Album review: Yeah Yeah Yeahs's 'It's Blitz!'
"Sometimes I think I'm bigger than the sound," sang Karen O on the Yeah Yeah Yeahs' last album, 2006's "Show Your Bones." Well, now we know she is: On "It's Blitz!," O leads her bandmates in a daring reinvention of the group's music, venturing way beyond the strictures of New York revival rock into something artier, prettier and far more profound.
The first change you notice here is the absence of Nick Zinner's buzz-saw guitar, which did as much to establish the YYY sound as did O's Budweiser-banshee wail. The singer convinced Zinner to trade his beloved six-string for a synthesizer, and that gives these songs a new future-pop sheen (honed in part by Dave Sitek of TV on the Radio, who co-produced): "Skeletons" glides atop a bed of percolating Morse-code keyboard blips, and the insistent electro-funk throb in "Soft Shock" recalls classic New Order.
Even when Zinner goes back to the guitar, his playing shares little with the bare-bones garage-punk attack of yore. In "Dull Life," for example, he mirrors O's vocal melody with computer-like precision, rather than spraying noise in every available direction as he used to do.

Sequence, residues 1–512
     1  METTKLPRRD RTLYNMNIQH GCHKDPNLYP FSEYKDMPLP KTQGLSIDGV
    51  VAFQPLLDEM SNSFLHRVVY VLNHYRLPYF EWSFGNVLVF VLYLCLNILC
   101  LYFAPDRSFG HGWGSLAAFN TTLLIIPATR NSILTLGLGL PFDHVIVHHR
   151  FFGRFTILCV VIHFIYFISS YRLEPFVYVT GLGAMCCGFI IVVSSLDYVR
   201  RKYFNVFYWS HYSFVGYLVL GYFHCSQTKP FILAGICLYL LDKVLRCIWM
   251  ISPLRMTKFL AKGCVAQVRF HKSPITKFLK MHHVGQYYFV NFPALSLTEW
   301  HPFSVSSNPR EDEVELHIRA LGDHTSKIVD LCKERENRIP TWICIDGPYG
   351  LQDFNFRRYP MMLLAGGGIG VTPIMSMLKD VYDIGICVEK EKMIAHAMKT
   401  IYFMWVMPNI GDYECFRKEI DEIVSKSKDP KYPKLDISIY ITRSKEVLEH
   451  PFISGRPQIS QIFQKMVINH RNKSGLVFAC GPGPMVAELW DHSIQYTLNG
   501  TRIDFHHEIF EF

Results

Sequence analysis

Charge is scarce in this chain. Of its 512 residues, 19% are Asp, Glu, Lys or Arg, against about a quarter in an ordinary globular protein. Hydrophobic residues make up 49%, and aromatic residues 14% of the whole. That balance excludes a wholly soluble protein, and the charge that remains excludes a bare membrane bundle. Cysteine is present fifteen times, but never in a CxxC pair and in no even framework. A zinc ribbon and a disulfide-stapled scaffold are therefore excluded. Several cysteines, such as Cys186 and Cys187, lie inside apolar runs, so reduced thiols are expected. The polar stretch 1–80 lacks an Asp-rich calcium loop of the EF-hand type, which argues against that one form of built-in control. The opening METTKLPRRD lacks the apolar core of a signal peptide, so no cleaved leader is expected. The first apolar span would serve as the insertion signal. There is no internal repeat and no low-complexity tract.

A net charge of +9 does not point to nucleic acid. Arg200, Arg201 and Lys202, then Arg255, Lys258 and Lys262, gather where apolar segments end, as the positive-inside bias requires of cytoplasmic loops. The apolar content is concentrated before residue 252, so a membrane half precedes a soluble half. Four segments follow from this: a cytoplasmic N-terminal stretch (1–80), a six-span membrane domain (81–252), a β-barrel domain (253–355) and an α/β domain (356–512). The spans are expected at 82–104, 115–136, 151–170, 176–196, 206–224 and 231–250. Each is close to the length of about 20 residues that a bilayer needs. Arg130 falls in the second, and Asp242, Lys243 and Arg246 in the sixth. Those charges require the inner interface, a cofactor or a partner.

Throughout the album, drummer Brian Chase drives the music with heightened purpose, providing a sense of destination the Yeah Yeah Yeahs have never seemed especially interested in. They come deliciously close to sounding like a straight-up disco band in "Dragon Queen," which could be Chic as fronted by Debbie Harry.
Yet "It's Blitz!" isn't just about streamlining and sophistication. These songs contain O's most expressive singing yet, and the tension between her vocal performances and the band's playing results in music richer in emotion than anything the trio has done since "Maps," its breakout hit from 2003. In such cuts as "Runaway" and "Hysteric" -- where O sings, "You suddenly complete me," over a gorgeous wash of neo-shoegaze sonics -- you're not even sure what feeling the song is producing. Hopeful anxiety? Forlorn excitement? Triumphant melancholy?
The only way to decide is to keep listening.
-- Mikael Wood
Yeah Yeah Yeahs
Three and a half stars
Albums are rated on a scale of one to four stars.